Business Model Canvas can help engineers plan for digital transformation

Business Model Canvas can help digital transformation efforts, says Peter Carr.
The Business Model Canvas is a tool to map out digital transformation. Source: Engineering.com

Digital transformation isn’t like flipping a switch. It’s a slow and often messy process, but for those who pull it off, it can make their businesses more efficient, productive, and profitable. Business Model Canvas is a tool that can help — and all you need is a single piece of A3 paper.

I’m here to help. As the author and instructor of the Watspeed Digital Transformation Certificate Program at the University of Waterloo, I’ve studied organizations big and small to learn what makes for a successful transformation—and how to avoid problems that lead to a digital dead end.

I’ve shared monthly lessons on how to steer organizations through the rough waters of digital transformation. Yes, there is homework. But if you pay attention and put in the effort, it won’t be long before you start seeing real results.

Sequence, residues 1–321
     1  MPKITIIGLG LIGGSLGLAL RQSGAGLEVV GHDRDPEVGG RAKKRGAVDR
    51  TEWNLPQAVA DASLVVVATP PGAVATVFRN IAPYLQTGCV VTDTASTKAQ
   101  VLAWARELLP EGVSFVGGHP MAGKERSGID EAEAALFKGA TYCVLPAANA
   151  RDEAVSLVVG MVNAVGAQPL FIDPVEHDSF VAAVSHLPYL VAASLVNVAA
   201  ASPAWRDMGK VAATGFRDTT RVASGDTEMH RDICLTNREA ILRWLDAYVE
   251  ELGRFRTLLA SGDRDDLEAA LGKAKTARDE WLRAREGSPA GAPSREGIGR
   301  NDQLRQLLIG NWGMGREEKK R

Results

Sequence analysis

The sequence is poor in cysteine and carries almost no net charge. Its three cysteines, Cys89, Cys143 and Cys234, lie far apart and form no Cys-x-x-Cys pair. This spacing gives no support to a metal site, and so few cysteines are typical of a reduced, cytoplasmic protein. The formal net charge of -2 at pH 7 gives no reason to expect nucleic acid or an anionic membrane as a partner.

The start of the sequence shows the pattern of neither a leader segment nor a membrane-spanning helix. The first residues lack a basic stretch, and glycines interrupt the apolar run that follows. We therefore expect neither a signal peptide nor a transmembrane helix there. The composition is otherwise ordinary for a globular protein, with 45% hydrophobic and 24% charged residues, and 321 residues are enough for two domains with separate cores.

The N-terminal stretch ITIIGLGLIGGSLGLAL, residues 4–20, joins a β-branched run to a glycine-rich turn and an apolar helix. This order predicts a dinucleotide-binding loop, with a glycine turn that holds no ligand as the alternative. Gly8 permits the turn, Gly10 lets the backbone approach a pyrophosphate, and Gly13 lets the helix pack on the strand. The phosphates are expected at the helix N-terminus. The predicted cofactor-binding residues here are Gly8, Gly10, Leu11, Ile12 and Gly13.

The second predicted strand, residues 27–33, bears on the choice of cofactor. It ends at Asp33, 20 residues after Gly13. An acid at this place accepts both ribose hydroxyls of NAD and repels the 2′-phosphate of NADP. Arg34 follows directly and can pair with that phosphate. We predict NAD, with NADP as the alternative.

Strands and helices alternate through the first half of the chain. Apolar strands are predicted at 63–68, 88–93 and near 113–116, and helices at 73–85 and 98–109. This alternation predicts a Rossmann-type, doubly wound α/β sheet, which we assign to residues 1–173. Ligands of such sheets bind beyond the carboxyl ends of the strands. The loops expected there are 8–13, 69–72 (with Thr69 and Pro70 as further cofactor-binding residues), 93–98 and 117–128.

Digital transformation is different for every organization. It depends on a wide range of factors. Some are internal, like culture and existing technology, and are some external, like competitor behavior and economic conditions. Digital transformation activities can be big or small, from establishing an entirely new business model to automating a single process.

Whatever the nature of your transformation, you should learn how it can affect your business plans. A change in one department may have implications elsewhere that you need to consider. If you are planning a whole business change, understanding how everything fits together is critical.